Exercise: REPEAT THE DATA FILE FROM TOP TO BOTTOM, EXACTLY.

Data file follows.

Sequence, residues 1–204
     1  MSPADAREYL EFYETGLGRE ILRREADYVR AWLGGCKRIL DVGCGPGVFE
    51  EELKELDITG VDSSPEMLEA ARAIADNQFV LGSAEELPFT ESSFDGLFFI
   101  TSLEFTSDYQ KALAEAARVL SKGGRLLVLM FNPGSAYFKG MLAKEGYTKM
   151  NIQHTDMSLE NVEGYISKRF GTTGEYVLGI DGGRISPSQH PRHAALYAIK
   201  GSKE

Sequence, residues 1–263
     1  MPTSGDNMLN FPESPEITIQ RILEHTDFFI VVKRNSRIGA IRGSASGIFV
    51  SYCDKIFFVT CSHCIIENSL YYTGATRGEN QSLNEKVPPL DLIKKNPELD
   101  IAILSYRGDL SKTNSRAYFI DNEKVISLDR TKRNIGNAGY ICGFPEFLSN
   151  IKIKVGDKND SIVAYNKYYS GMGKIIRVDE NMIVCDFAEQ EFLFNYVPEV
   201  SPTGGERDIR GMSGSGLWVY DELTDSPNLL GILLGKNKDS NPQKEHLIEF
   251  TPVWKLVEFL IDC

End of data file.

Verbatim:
Sequence, residues 1–204
     1  MSPADAREYL EFYETGLGRE ILRREADYVR AWLGGCKRIL DVGCGPGVFE
    51  EELKELDITG VDSSPEMLEA ARAIADNQFV LGSAEELPFT ESSFDGLFFI
   101  TSLEFTSDYQ KALAEAARVL SKGGRLLVLM FNPGSAYFKG MLAKEGYTKM
   151  NIQHTDMSLE NVEGYISKRF GTTGEYVLGI DGGRISPSQH PRHAALYAIK
   201  GSKE

Sequence, residues 1–263
     1  MPTSGDNMLN FPESPEITIQ RILEHTDFFI VVKRNSRIGA IRGSASGIFV
    51  SYCDKIFFVT CSHCIIENSL YYTGATRGEN QSLNEKVPPL DLIKKNPELD
   101  IAILSYRGDL SKTNSRAYFI DNEKVISLDR TKRNIGNAGY ICGFPEFLSN
   151  IKIKVGDKND SIVAYNKYYS GMGKIIRVDE NMIVCDFAEQ EFLFNYVPEV
   201  SPTGGERDIR GMSGSGLWVY DELTDSPNLL GILLGKNKDS NPQKEHLIEF
   251  TPVWKLVEFL IDC